Archived Story

Nursing school closes doors

Published 11:04pm Thursday, February 7, 2013

After 53 years and 751 other graduates — including seven who walked across the stage immediately before him — it all came down to Michael Andrew Taylor.

His late-alphabet surname made Taylor, a 19-year-old Nansemond River High School alumnus, the very last graduate of the Suffolk Public Schools Sentara Obici Hospital School of Practical Nursing. The school system cut funding for the program this year but provided enough money to let Taylor and his seven classmates graduate.

Adam Dempsey, one of the last graduates of Suffolk Public Schools Sentara Obici Hospital School of Practical Nursing, celebrates with the school’s director, Gwen Sweat, after the final graduation on Thursday at King’s Fork Middle School.

The eight students celebrated their accomplishment with family and friends at King’s Fork Middle School Thursday evening. But for many present, their joy for the graduates was marked by a touch of sadness that the program is ending.

“I think it’s been a rewarding partnership, so it’s sad to see the program end,” said Phyllis Stoneburner, vice president for patient care services at Sentara Obici Hospital. “But it’s wonderful for the graduates. So it’s a bittersweet night.”

The school began in 1959 and graduated its first class in 1960, said Gwen Sweat, director of the school.

“History is a wonderful trail,” she said. “Tonight with the class of 2013, the trail concludes for the school, but this is only in theory — not in memories and not in contributions to the community.”

The school’s incredible track record spoke for itself Thursday night — a 90-percent job placement rate and 97-percent pass rate on the NCLEX exam that hopeful nurses must pass to be licensed.

“We remain confident in knowing Suffolk Public Schools Sentara Obici Hospital School of Practical Nursing has been successful and has been an icon for the community,” said Gail Bess, coordinator of career and technical education and adult education for Suffolk Public Schools.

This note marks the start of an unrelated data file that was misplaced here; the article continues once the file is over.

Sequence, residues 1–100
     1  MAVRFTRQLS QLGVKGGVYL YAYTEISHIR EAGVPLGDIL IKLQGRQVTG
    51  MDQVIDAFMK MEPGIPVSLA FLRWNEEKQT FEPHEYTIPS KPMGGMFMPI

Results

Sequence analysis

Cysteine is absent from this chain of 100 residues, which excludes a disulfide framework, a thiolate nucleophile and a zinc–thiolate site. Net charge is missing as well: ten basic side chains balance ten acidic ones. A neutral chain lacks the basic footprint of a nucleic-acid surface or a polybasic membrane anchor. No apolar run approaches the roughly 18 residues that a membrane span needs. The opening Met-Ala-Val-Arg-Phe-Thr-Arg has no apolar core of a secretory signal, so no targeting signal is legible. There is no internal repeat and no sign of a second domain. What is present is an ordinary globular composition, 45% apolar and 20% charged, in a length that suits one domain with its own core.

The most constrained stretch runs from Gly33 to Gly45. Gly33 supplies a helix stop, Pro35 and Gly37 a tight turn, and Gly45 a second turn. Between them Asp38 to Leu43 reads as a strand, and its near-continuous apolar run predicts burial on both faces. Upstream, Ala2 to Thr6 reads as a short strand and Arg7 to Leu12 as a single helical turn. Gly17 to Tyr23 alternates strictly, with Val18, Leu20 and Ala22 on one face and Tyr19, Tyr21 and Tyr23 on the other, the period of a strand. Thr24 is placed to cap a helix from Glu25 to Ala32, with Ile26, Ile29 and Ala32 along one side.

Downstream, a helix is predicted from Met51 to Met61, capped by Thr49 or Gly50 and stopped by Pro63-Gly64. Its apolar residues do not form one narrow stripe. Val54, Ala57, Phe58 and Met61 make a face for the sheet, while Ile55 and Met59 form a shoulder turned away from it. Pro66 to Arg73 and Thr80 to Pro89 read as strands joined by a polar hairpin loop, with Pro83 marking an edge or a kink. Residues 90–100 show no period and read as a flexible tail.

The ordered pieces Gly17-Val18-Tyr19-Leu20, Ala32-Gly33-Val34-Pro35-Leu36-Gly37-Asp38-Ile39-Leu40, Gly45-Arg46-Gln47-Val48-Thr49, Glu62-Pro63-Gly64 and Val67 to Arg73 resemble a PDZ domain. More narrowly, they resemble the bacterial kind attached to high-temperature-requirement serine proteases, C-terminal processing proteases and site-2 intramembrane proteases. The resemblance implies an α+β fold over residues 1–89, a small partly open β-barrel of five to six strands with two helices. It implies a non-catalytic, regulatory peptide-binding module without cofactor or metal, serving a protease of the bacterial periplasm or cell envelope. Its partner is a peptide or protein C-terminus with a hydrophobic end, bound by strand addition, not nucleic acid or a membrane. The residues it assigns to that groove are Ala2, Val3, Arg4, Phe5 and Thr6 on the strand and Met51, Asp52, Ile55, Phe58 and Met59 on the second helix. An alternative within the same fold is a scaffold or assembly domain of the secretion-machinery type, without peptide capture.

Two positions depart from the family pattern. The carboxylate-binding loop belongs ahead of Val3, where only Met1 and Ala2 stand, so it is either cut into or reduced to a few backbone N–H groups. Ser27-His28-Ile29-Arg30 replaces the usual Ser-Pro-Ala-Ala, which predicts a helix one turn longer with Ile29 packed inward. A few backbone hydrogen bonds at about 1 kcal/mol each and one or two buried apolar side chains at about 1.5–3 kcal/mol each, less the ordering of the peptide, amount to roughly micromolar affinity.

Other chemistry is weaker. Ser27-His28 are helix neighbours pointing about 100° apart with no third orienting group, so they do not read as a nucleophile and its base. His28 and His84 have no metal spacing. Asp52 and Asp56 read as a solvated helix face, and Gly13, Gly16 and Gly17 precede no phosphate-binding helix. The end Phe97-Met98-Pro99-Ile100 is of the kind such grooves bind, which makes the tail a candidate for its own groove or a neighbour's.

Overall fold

Even this year’s students didn’t want the program to end, they said.

“I didn’t want to be last,” Taylor said. But, he added, “I felt good bringing up the rear.”

“It’s sad they’re closing the program, added Adam Dempsey, another graduate.

Thursday night’s other graduates were Sarah Beverly, Judith Bracy, Brian Crouch, Me’chele Cutchin, Amy Neprud and Lindsey Stiegler.

The ceremony included a slideshow of photos from throughout their year of classes and clinical sessions. They also heard a speech from Dr. Jennifer Reed of Sentara Surgery Specialists.

Award recipients in the class were Brian Crouch, who was valedictorian and achieved perfect attendance; Adam Dempsey, who received an award from the Pilot Club of Suffolk; and Judith Bracy, who received the Class Ambassador award voted by her classmates.

The Suffolk Ruritan Club and Sentara Obici Hospital Auxiliary were recognized for providing scholarships for students throughout the years.

For Sweat, who has been with the school since 1982 and been director since 1987, it was an especially emotional night, even more so than usual.

“Every graduation is always special,” said Sweat, who began working for the school division in 1979 as a school nurse.

She said she plans to retire but does not yet know what she’ll do in retirement. She does know it will include spending more time with her family, gardening and, yes, still reading medical books.

“I don’t feel like I’m ready to sit down in a rocking chair yet,” she said.

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